|Writer/director Lee Chang-dong|
PEPPERMINT CANDY (Bakha satang) B+ South Korea Japan (129 mi) 2000 d: Lee Chang-dong
One of the early films that put South Korean cinema on the map, winning Best Picture, Best Director, Best Screenplay, Best Supporting Actress, and Best New Actor prizes in the Grand Bell Awards, the Korean version of their Academy Awards, drawing international attention at the Karlovy Vary Film Festival, while drawing attention to writer/director and novelist Lee Chang-dong, who would become the Korean Cultural Minister from 2003 to 2004. What’s remarkable about this epic and emotionally wrenching film is its backwards chronology that parallels twenty years of turbulent South Korean history, viewed through a single character, Yong-ho (Sol Kyung-gu), whose troubled life retreats backwards into more innocent times, yet he’s psychologically scarred by traumatic events coming early in his life, becoming an exaggerated and emotionally hysterical melodrama that features a clearly unsympathetic central figure, yet the overall epic style is captivating. Much like Hou Hsiou-hsien’s A City of Sadness (Bei qing cheng shi) (1989), which opened new doors of Taiwanese democracy in a nation that had been under strict martial law for forty years, the key to this film is returning back to 1980 when two events reawakened the public conscience and altered the course of South Korean history. The first occurred on October 26, 1979 when President Park Chung Hee, after almost twenty years of tyrannical rule, was assassinated by the head of his own intelligence team after ordering murderous attacks on Korean citizens who were protesting the unabated continuation of martial law, The Park Chung Hee Regime in South Korea, while the second event occurred just a few months later known as the Gwangju massacre, one of the most horrific events in Korean history, yet also one of the turning points from dictatorship to democracy, where unspeakable atrocities were committed by the military, reportedly claiming the lives of more than 2000 citizens, including bayonetting students, raping and dismembering women, while using flamethrowers against protesting students, a horrendous, catastrophic event that was largely suppressed, receiving little media attention, with the government reporting the incident was initiated by treasonous North Korean spies and leftist infiltrators. As a result, the incident would linger for several decades, eventually leading to a pro-democracy movement that would finally prevail by the end of the century against a weakened military dictatorship, opening the doors to democracy and a prosperous middle class when this film was made. This background information is essential in understanding the traumatic trajectory of a relative innocent who goes astray, easily becoming part of his corrupt surroundings, growing psychologically damaged by what he witnesses and experiences, where this uncompromising film, which remains the director’s most overtly political drama, offers a road map into the nation’s moral vacuum and lack of conscience, playing out in a tense, fictionalized scenario that is graphically disturbing and eerily chilling.
One of the key criticisms of the film is the total focus on toxic masculinity at the expense of more broadened female character development, which the director has taken to heart and corrected with many of his later, more mature works. But here Yong-so reveals narcissistic and obsessive tendencies, languishing in a misogynistic self-pity while accentuating his failures throughout his life, lamenting what he’s been forced to endure, becoming himself a reprehensible and utterly loathsome human being. From a literary perspective, this sounds very much like the guilty conscience of a wretchedly miserable Dostoyevsky character, whose personal transgressions haunt him for the rest of his life, affecting every aspect of his daily life, perhaps best expressed in the acutely examined psychological study in Crime and Punishment. Yong-so feels like a criminal, an outcast no longer worth living, showing disturbing suicidal tendencies at the outset of the film, absurdly joining the 20th reunion picnic of his old student group that is already in progress, having started without him, yet while he’s welcomed and embraced, he appears deranged, awkwardly sending all the wrong messages, inadvertently bumping into people, singing offensibly loud and horribly off-key karaoke, culminating with a primal scream that just draws looks of helpless confusion, where he’s simply out of kilter with the group, as if on the wrong speed, not even remotely fitting in. So he stumbles out into the shallow river, pretty much making a fool out of himself, before climbing the railroad trestles and standing on the tracks awaiting a train, where his mindset appears to be a death wish. While others show their concern and warn him to come down, especially with the sudden arrival of a train, but he ignores their pleas, grotesquely setting the tone for what follows. The introductory credit sequence is deserving of mention, as there’s a tiny blip in the center of the screen that grows larger and larger, eventually becoming a recognizable train tunnel as we watch a train passing from complete darkness into the alluring bright light of the opening. Without knowing it at the time, that opening marks the scene of the crime. Train track interludes with a pleasant musical theme also mark the transition between time periods, curiously shot from the back of the train and then run backwards, so traces of smoke or people walking and riding bikes adjacent to the tracks are seen moving backwards, offering a surreal twist, each segment marked with a chapter title identifying the time and place, revealing seven different episodes beginning in 1999 and ending in 1979, each shedding light on Yong-so’s personal history while also offering comment on the formation of a national identity, subverting the idea of development, as if in a perpetual state of evolving. By always moving backwards, viewers are retreating back to the original source of the trauma, with an emphasis on what went terribly wrong in the man’s life, his mandatory military service leading to his involvement in the massacre, his failed business decisions and doomed career choices, his disastrous marriage to Hong-ja (Kim Yeo-jin), or his broken relationship with his first love, Sun-im (Moon So-ri).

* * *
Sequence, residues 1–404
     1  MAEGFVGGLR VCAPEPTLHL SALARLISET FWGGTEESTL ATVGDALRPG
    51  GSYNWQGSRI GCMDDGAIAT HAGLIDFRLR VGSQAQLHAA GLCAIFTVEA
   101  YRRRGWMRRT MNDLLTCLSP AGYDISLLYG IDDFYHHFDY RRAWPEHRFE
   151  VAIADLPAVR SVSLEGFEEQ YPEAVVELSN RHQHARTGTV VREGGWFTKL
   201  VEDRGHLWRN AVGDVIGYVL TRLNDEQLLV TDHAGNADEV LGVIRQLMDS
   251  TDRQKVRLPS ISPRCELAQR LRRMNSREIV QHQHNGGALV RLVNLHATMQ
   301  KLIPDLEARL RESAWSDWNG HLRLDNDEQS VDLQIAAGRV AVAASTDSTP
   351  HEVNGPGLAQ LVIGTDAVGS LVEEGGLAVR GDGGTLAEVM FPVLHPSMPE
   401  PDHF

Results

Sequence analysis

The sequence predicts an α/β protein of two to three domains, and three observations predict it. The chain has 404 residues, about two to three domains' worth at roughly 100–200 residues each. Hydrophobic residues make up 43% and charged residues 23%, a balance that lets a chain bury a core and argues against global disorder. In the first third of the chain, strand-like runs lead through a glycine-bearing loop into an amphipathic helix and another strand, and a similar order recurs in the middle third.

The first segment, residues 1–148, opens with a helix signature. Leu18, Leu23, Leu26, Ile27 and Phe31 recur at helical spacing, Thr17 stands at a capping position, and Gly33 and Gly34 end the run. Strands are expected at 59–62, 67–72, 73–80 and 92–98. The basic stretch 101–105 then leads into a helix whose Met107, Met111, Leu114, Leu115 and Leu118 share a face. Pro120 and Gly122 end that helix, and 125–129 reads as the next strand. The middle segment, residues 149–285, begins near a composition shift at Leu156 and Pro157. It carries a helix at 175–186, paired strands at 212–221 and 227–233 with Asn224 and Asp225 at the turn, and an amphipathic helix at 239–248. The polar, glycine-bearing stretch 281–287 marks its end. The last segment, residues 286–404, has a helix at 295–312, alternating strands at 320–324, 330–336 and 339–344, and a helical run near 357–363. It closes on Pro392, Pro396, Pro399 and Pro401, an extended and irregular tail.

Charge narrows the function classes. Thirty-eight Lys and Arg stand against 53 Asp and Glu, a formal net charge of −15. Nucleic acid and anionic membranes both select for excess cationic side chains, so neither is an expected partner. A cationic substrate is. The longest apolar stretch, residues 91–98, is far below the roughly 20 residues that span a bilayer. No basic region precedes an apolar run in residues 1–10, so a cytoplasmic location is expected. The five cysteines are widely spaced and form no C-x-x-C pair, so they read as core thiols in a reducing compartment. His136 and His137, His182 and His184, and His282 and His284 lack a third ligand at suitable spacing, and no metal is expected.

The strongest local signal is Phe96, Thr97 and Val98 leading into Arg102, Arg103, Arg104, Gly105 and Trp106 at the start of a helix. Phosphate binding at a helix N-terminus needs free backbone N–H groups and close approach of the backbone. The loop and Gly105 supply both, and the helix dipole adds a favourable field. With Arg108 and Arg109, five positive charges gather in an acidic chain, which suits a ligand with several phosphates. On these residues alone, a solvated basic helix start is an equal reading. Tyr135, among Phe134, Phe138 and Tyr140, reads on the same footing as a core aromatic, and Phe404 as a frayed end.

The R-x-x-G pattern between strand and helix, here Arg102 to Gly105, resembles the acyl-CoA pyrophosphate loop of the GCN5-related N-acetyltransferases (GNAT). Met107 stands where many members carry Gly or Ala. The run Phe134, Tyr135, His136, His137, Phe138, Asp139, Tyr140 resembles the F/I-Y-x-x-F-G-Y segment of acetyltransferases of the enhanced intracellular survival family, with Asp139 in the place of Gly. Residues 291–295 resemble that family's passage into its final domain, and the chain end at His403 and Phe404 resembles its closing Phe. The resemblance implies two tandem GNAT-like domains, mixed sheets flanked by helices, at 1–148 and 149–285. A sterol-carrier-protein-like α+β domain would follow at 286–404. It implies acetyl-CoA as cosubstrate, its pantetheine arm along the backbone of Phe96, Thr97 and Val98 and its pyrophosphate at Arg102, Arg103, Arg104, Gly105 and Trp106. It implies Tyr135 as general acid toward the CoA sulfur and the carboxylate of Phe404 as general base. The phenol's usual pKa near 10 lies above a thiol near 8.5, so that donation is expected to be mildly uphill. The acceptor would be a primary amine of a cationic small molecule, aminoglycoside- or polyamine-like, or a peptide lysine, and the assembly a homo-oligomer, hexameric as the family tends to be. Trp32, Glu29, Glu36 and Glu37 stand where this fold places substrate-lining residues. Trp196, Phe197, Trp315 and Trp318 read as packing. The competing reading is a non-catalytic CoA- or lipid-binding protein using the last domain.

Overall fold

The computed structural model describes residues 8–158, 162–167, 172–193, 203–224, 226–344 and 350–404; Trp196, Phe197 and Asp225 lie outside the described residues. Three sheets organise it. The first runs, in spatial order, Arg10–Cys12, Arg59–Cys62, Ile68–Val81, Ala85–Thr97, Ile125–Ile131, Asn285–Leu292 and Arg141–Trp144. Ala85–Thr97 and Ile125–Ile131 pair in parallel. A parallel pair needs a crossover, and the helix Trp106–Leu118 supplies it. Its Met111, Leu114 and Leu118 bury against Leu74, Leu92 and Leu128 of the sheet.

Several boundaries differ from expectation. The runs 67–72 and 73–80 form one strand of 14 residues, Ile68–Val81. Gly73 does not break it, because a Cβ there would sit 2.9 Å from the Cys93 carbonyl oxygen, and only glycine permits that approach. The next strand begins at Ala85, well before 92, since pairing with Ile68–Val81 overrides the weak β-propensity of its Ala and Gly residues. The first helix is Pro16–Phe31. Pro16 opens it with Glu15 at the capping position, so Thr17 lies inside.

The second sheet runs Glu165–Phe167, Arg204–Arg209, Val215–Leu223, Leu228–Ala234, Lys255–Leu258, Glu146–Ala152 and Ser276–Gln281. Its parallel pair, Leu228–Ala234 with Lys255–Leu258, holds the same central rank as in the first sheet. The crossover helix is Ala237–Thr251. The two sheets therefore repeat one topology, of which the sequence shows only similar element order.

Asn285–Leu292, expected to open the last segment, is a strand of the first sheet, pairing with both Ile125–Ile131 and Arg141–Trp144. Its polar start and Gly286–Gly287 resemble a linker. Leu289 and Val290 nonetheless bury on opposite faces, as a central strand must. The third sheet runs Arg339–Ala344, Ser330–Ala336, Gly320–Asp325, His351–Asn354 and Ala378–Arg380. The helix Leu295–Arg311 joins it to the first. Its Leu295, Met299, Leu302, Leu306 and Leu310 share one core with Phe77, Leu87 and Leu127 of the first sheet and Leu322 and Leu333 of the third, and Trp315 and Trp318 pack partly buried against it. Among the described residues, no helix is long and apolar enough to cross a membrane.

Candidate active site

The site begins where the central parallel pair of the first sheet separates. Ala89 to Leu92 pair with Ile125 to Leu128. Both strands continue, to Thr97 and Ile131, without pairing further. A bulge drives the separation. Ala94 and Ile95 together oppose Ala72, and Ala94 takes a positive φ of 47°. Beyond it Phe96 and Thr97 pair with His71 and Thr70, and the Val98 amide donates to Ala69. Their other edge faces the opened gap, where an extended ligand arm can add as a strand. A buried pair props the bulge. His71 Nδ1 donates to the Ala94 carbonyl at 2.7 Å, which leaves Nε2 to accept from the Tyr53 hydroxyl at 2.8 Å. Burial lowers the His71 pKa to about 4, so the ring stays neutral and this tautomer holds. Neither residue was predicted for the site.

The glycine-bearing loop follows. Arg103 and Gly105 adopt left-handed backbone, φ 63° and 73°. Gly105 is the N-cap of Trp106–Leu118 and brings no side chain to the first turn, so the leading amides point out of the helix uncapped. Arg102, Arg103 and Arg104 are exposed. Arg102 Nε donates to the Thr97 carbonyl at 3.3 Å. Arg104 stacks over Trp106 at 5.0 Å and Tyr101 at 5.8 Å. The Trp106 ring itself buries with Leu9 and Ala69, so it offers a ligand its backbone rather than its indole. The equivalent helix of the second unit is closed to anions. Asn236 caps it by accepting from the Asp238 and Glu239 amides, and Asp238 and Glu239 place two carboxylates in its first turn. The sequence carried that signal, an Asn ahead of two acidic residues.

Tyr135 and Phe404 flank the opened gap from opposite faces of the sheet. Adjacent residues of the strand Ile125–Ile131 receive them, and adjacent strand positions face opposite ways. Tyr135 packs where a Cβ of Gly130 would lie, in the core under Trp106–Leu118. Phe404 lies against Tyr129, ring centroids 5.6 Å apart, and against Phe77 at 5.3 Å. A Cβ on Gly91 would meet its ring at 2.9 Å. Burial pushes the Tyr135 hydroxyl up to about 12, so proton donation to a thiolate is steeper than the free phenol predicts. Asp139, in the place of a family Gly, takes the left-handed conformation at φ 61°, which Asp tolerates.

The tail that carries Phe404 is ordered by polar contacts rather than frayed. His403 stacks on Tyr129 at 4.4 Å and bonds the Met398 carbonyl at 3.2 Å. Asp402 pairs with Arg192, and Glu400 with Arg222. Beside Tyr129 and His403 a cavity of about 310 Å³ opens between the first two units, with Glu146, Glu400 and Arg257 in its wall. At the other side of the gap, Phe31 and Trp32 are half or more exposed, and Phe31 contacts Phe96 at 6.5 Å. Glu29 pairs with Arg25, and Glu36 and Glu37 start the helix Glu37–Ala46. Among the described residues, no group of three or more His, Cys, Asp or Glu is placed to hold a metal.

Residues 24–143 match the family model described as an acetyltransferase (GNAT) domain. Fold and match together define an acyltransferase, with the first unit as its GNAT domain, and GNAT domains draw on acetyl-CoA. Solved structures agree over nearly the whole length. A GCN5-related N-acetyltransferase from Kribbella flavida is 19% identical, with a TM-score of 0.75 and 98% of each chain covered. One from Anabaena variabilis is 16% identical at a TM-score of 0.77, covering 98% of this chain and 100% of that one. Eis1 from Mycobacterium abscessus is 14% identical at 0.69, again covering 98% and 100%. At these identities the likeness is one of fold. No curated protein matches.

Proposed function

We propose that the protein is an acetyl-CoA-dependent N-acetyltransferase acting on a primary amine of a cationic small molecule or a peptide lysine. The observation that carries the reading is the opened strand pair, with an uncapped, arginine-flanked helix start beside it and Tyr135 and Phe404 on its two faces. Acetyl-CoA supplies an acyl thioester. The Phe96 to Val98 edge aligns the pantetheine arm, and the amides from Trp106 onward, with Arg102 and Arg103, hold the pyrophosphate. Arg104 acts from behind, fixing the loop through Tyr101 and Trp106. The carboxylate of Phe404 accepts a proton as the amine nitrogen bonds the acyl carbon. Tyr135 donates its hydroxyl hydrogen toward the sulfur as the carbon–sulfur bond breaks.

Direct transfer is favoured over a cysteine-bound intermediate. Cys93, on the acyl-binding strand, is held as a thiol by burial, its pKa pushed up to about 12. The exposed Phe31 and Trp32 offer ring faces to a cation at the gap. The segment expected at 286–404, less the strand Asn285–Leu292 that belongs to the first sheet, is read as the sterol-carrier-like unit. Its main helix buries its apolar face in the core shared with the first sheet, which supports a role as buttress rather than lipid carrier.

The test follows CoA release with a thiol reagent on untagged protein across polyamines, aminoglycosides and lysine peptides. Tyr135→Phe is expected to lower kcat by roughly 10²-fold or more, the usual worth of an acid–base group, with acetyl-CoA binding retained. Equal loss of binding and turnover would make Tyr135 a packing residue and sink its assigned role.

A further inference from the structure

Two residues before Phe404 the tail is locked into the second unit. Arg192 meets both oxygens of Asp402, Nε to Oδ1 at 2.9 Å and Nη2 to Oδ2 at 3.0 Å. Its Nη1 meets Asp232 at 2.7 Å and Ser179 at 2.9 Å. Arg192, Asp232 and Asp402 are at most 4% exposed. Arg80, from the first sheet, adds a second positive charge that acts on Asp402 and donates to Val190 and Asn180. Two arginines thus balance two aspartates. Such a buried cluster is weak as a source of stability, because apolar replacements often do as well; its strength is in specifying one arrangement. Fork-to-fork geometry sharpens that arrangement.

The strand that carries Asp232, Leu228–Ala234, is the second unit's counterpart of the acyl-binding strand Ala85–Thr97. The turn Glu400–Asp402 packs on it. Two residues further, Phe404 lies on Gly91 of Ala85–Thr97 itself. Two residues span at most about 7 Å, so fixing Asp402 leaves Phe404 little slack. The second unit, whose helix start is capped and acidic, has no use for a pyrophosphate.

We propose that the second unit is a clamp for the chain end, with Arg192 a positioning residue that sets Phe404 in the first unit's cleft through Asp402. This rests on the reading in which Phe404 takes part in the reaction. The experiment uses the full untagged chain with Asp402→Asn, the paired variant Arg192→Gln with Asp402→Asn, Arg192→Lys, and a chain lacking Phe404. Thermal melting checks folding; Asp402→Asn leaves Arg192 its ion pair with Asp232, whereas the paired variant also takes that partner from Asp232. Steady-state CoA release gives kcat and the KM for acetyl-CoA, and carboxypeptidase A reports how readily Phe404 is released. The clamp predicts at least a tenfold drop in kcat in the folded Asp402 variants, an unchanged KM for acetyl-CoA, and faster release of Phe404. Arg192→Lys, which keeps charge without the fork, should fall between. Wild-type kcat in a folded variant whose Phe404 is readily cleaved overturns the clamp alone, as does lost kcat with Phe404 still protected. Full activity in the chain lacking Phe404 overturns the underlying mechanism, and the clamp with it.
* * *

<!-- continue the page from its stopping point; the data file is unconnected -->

One interesting aspect of this picture is the attempt to bring to life historical issues that have been obscured by political repression, using one man as a kind of Biblical Job figure, as he is tried and tested throughout, finding disaster both behind and ahead of him, enduring overwhelming challenges, none particularly successfully, yet his ordeal humanizes the viewer’s relationship with history, offering a rare insight into such troubled times. Even today, there are unanswered questions about the Gwangju massacre, yet this film, and several others as well, has helped the younger generation become more knowledgeable about the history that changed South Korea into what it is today. Yong-ho represents a kind of ordinary everyman who can’t forget the past trauma as it continues to affect his life, angry at himself and at the world, using violence as a way to forget, thinking it will help him heal, becoming a policeman, for instance, yet ends up pressured by his peers to go overboard, routinely brutalizing subjects with torture techniques, becoming psychologically distanced from his own humanity. When he discovers his wife has cheated on him, he kicks and beats her mercilessly, exposing the fact Korea is a patriarchal society with a long history of domestic violence against women. Violence, in fact, has become synonymous with South Korean cinema, with Park Chan-wook, a former film critic, and his Vengeance Trilogy becoming one of the most notoriously acclaimed purveyors of torture porn, where his immaculate framing exposes grotesque and graphically barbaric subject matter. The more understated Lee Chang-dong has gone in a different direction, where his films are more novelesque, driven by subtlety and extremely detailed character studies, offering a more poetic view of cinema, becoming a kind of poet laureate for his country. Ostensibly a morality tale, he somehow mixes hope with pessimism, inspired by the typically Korean notion of Han. It’s worth noting that Yong-ho was lulled into a false sense of security, as his plan that violence would help him forget is doomed from the outset, becoming a total failure, leading only to further depression and suicidal thoughts, believing his life is worthless and meaningless. His sins stand for the sins of the nation, for which there is no antidote. It’s also curious how the one character that follows him in nearly every episode is Sun-im, the girl he tries so hard to forget, reminding him of his younger days of innocence. We see her in various stages of her life as well, suggesting her memory continues to haunt him, always longing to be with the one you love, often indistinguishable between reality and a dream, even finding a girl in a bar who pretends to be her. We’re privy to his own crudeness when he personally rejects her, intentionally groping another woman in front of her, thoroughly humiliating her. We are reminded of an interrogation scene that turns gruesome, when a prisoner defecates all over himself, with Yong-ho furiously scrubbing his hands afterwards, but a fellow officer amusingly reminds him that smell is very difficult to get rid of, suggesting some memories are extremely difficult to wash away. The film suggests our lives are forever connected to history, where all attempts to forget about the past only lead to further despair. The naïve innocence of the final segment is positively stunning in its tenderness, seemingly disconnected to everything that came before, where Yong-ho is simply a different person, a wide-eyed student filled with aspirations and dreams, which are quickly altered by the savage inhumanity he faces.